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The art of promising
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A rather interesting thing happens ever so often. First, there’s a terror strike. A bomb blast, an incursion, anything to grab the nation’s attention. The media gets flustered. And then there’s that quintessential round of Indo-Pak meet. A few pleasantries. A couple of handshakes. Photos. And a promising joint statement. A joint statement which includes impressive sounding verbiage like ‘with a view to finding a peaceful solution by narrowing divergences and building convergences’. But does any of it mean anything?

After the 26/11 terror strikes, almost all bilateral talks between India and Pakistan had stopped. Now, steps are underway to restart a composite dialogue that was derailed by the 2008 Mumbai attacks. A step towards the same is the on-going ministerial-level meet between the two nuclear-armed arch-rivals.

A meet between the two Foreign Ministers, India’s S M Krishna and Pakistan’s newly appointed Hina Rabbani Khar on Wednesday ended, like always, rather promisingly on paper. A number of issues were discussed. Promises were made. A future plan of action was charted. And reading the joint statement issued, one got the general feeling that both the Honourable Ministers were mighty pleases with the progress made.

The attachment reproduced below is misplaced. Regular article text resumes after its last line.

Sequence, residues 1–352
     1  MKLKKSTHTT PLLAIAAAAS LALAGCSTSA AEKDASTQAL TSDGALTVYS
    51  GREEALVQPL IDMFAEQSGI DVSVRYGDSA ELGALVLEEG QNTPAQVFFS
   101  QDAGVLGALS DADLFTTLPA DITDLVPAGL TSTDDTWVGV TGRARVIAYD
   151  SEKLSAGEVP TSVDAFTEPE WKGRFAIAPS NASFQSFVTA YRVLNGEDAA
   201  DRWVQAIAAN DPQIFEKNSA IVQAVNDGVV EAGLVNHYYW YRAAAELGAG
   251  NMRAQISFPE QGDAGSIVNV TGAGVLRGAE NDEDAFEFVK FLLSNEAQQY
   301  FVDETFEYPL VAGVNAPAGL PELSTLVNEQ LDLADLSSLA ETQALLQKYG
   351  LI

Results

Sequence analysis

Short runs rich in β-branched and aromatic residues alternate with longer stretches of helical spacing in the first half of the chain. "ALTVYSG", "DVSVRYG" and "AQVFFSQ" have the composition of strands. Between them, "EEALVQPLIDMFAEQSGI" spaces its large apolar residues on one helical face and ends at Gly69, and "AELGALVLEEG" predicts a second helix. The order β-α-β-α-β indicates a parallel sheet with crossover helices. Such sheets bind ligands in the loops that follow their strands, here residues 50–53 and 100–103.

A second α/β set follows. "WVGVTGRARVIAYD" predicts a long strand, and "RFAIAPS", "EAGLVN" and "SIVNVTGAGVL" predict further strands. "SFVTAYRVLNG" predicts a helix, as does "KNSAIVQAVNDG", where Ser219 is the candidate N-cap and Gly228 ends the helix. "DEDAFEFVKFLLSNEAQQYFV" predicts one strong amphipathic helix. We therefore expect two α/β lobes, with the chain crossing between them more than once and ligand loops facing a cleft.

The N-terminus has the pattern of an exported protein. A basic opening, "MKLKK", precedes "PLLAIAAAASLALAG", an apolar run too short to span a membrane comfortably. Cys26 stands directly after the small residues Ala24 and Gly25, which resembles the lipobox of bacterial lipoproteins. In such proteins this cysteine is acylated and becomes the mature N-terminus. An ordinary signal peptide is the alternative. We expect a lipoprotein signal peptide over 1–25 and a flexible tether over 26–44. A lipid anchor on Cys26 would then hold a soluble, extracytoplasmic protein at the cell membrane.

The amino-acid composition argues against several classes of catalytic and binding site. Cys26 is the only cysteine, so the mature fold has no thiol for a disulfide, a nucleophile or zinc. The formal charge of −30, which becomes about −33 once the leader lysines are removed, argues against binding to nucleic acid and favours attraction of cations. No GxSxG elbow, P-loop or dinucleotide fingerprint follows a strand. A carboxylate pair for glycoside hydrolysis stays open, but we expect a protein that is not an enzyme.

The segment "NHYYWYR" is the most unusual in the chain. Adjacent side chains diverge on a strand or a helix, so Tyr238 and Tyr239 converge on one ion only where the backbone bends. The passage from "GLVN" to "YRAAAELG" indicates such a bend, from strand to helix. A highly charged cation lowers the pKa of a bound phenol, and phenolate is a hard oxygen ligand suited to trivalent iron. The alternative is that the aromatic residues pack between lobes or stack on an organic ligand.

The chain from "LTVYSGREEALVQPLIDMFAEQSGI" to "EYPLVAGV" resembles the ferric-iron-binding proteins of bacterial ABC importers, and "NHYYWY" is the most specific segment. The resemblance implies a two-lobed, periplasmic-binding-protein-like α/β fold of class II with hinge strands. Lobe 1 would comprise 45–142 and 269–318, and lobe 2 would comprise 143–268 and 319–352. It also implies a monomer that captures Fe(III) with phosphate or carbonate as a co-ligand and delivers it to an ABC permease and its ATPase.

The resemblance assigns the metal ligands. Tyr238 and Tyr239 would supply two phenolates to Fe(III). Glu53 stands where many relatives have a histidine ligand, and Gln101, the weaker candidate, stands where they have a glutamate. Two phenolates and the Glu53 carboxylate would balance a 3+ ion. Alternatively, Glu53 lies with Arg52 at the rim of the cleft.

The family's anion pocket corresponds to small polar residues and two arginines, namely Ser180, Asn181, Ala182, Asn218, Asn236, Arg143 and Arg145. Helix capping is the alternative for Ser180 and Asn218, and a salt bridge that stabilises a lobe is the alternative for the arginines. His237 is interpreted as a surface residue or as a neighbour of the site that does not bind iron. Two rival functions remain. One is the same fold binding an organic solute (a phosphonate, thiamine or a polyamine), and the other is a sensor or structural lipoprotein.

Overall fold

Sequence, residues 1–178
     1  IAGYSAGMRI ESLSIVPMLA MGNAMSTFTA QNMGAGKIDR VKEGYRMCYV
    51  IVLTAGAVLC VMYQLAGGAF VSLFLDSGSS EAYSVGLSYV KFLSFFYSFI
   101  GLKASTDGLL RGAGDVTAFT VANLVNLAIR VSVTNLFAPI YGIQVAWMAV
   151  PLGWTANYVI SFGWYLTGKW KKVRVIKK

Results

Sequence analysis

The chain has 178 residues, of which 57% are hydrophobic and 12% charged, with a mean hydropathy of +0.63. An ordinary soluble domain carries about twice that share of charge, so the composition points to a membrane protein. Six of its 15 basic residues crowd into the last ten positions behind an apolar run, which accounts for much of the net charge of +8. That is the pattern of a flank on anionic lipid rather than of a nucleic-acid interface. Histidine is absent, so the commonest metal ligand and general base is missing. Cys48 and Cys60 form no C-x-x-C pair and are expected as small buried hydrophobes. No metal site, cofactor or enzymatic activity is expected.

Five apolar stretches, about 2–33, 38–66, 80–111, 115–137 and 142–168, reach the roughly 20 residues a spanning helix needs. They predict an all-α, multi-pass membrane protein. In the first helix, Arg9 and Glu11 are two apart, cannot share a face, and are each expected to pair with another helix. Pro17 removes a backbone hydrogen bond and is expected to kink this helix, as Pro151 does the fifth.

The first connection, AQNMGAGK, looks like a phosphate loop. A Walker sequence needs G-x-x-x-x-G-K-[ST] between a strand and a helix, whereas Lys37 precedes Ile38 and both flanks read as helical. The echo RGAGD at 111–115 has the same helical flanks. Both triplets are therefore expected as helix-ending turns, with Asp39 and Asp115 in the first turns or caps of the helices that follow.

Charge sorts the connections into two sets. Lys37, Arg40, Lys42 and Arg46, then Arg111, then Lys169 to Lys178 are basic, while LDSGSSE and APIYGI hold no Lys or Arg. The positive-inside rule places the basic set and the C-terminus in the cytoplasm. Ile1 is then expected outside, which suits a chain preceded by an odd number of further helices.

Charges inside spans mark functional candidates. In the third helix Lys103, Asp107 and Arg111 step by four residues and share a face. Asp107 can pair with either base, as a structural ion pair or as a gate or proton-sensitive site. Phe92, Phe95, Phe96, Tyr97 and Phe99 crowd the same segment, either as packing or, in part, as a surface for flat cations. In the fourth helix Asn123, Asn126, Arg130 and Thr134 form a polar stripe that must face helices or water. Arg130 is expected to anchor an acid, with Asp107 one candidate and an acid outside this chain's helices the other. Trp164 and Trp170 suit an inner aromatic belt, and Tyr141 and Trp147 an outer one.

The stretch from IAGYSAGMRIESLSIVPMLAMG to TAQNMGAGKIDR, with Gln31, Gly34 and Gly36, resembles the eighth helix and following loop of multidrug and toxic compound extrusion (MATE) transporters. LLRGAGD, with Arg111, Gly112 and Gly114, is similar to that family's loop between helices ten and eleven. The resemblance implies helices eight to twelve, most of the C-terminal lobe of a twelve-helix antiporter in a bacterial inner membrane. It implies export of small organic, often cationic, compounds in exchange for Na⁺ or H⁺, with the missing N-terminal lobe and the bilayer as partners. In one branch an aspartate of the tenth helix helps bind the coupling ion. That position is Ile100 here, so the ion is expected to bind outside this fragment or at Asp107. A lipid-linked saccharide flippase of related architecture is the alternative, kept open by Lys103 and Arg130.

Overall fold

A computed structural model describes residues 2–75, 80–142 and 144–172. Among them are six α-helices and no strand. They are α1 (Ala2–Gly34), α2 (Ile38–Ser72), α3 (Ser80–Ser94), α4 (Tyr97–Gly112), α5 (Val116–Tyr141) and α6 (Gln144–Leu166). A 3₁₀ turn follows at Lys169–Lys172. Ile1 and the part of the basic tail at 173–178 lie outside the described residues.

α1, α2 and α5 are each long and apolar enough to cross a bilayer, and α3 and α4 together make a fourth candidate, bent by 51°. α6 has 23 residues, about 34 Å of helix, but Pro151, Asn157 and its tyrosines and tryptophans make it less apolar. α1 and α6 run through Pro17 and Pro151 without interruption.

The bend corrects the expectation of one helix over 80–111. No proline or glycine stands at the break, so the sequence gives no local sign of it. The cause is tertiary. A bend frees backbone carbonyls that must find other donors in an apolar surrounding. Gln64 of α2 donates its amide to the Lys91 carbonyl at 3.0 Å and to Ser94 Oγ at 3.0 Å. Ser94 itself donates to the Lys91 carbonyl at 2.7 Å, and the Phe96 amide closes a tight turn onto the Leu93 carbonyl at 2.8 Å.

Alas, progress on paper does not always result in action taken. There’s that funny period between successive rounds of talks where the complete lack of any sort of follow-up boggles the mind. Maybe, it is realized that the quagmire which is the diplomacy of the two countries is just too difficult to cross in a paper dinghy.

While the red tape and diplomatic hubris is no less on the Indian side, Pakistan’s side of things presents a fascinating story. In Pakistan, the almighty security establishment also needs to be taken into consideration. For decades, Pakistan’s foreign policy has been controlled by the security establishment and it reflects an obvious disconnect between national security considerations and diplomatic compulsions. Often, the security establishments have gone to war on the ground, with the Pakistani foreign office maintaining that the soldiers fighting were not Pakistani. Such is the disconnect that former Pakistani Prime Minister and current Opposition leader Nawaz Sharif has stated that the foreign policy ought to be shaped by the Parliament, and not by generals.

With such a blatant disconnect between the promised and the delivered, it is easy to be cynical about what might actually be achieved after the present round of talks. But then, it should not be forgotten that some issues do get resolved through these talks. The Samjhauta Express being re-started, the cross-border bus service, greater trade opportunities between the two countries, all came about after diplomatic talks. In the same vein, the present round, with its promises of increased truck movement and cross-LoC travel, might not be a complete failure. But it is the failure to address the hard issues like border security and counter-insurgencies measures which really tinkers. Whether they will be addressed satisfactorily henceforth will have to be seen.

First published as a lead story on SIMC Wire.

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